Monday, March 19, 2007

24 weeks! Our Footlong in a my oven!

24 weeks and growing!

Sorry, this is a tad late, Robby and I ran out of town last Thursday for a wedding in Louisiana. Getting back just last night has left us both exhausted. But here it is, my 24 week update. My next appointment will be this week on Thursday. They will be doing the glucose test. Just please pray for normal results and that the baby is continuing to grow the way he should. Love you all!


THE BABY: Your baby's growing steadily, gaining about a quarter of a pound since last week, when he was just over a pound. Since he's a foot long, that makes for a pretty lean figure, but his body is filling out proportionally. Your baby's skin is thin, translucent, and wrinkled, his brain is growing rapidly, and his taste buds may be working now. His lungs are developing "branches" of the respiratory "tree" and cells that produce surfactant, a substance that helps the air sacs inflate easily.

Your baby can also hear more and more now, and you may even notice him startle at loud, sudden noises. But he's probably getting used to the regular noises he hears around the house, such as cats, any dogs barking, the roar of a vacuum cleaner, and definitely your voices. Many new parents are surprised by how unfazed their newborns seem by sounds like these, but if you think about it, they've had months to get accustomed to them.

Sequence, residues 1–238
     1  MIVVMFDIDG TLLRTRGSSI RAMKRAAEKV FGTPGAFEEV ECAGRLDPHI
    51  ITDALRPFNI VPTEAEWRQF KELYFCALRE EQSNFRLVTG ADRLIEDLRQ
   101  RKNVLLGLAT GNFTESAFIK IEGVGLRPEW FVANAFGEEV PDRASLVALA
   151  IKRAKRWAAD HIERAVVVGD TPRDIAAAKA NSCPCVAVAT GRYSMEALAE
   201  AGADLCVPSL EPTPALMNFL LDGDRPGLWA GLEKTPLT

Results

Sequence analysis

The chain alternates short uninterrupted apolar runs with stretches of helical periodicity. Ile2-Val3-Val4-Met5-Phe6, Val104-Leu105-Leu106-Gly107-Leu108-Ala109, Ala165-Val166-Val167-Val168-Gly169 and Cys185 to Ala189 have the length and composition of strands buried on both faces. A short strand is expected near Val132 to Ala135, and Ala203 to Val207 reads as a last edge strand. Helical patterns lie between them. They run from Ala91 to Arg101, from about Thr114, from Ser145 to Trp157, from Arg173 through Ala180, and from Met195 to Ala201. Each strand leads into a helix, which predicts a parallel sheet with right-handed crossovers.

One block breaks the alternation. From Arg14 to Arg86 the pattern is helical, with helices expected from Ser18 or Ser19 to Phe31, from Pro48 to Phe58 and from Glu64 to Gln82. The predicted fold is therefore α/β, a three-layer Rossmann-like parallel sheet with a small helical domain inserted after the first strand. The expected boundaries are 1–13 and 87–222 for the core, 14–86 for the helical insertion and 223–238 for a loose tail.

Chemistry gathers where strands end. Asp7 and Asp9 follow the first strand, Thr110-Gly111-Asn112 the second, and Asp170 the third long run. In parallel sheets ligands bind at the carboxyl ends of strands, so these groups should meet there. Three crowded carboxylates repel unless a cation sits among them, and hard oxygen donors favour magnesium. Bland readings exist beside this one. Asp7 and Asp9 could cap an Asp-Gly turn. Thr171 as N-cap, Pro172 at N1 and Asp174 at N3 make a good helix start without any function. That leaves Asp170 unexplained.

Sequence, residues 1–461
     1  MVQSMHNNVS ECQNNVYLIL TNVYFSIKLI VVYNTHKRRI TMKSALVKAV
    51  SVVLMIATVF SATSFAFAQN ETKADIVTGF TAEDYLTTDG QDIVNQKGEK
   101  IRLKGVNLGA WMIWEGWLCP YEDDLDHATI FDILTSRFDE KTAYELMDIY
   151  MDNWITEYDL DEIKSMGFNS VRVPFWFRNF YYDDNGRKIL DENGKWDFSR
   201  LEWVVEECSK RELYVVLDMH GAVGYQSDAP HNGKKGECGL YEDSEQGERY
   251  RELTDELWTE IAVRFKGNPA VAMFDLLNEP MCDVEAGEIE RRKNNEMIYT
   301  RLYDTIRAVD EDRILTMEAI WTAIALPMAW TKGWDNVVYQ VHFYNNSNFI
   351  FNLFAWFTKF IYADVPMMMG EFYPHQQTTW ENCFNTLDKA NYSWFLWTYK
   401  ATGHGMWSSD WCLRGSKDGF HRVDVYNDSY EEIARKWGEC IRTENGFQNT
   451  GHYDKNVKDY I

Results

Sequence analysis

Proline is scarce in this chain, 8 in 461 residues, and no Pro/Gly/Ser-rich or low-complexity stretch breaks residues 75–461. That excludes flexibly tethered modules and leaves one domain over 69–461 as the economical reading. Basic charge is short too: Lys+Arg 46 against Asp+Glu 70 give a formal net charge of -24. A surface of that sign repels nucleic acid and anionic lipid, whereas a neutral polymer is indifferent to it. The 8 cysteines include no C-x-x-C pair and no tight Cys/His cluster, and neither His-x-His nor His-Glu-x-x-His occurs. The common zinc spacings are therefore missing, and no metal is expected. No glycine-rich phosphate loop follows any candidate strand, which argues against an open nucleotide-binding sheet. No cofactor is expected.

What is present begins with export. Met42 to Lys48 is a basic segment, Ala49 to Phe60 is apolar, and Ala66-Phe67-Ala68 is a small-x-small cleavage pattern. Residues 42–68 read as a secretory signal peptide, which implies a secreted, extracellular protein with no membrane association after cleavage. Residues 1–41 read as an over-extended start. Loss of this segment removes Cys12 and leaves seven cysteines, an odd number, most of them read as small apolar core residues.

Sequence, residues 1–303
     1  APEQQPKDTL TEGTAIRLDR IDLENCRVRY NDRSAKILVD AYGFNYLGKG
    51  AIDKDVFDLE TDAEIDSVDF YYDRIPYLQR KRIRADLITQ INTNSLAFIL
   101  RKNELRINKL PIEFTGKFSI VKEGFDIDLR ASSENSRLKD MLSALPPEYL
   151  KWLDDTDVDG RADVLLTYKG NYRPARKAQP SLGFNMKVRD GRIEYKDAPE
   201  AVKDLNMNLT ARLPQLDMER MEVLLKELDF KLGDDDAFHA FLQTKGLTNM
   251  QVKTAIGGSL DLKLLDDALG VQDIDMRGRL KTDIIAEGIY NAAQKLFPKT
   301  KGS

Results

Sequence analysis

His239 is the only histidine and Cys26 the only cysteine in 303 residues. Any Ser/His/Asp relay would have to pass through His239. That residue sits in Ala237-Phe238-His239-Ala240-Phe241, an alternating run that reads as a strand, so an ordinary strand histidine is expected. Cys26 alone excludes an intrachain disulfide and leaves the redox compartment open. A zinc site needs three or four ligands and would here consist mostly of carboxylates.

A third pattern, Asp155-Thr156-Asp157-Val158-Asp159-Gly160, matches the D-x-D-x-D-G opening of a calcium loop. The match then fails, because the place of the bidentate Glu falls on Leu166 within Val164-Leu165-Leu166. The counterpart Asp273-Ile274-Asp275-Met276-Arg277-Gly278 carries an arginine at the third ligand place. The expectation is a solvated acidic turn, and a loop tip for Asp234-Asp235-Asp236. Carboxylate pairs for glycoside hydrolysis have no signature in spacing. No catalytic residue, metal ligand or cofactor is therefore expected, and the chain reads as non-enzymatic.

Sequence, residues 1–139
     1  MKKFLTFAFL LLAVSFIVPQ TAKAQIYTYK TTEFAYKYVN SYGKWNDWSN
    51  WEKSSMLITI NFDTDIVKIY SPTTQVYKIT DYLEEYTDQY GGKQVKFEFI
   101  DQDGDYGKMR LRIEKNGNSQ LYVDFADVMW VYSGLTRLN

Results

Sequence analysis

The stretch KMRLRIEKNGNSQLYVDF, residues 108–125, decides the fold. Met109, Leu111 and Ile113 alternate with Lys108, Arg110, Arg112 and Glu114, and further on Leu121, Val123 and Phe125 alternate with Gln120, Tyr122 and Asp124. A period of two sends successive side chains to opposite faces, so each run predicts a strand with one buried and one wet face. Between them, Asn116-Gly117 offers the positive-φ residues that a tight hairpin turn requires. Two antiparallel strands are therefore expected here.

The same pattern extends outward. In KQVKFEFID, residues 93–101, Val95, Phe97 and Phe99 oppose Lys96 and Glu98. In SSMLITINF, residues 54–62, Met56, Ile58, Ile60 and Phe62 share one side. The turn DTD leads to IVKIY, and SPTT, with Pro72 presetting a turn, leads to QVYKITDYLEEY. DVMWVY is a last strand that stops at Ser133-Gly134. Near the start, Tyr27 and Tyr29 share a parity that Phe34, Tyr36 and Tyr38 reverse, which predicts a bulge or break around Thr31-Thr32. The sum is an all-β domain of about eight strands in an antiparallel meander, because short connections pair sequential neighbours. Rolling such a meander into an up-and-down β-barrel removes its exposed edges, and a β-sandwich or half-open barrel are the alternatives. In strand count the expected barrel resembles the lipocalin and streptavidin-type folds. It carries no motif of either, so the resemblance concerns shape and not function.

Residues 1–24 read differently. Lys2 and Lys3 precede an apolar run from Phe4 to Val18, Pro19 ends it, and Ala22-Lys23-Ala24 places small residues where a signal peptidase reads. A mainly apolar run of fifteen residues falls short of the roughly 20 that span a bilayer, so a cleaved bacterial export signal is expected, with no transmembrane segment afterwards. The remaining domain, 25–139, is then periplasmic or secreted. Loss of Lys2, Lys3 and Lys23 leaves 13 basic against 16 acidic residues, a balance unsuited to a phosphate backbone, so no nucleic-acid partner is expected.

MY CHANGES: The top of your uterus is now an inch or so above your belly button, which means it's about the size of a soccer ball. With the skin on your abdomen stretching, you may feel a little itchy now and then. If your skin is dry, keeping it well moisturized may help. Also, your eyes may be sensitive to light and feel gritty and dry. This is a perfectly normal
pregnancy symptom known as dry-eye. To ease your discomfort, use an artificial tears solution to add moisture.

GLUCOSE TEST: This test checks for gestational diabetes, a high-blood-sugar condition during pregnancy. Untreated, high blood sugar increases your risk for having a difficult vaginal delivery or needing a cesarean section because it causes your baby to grow overly fat, especially in his upper body. It also increases your baby's risk for complications like low blood sugar at birth. A positive result on your GCT test doesn't mean you have gestational diabetes, but it does mean that you should have the more involved glucose tolerance test (GTT) to find out.


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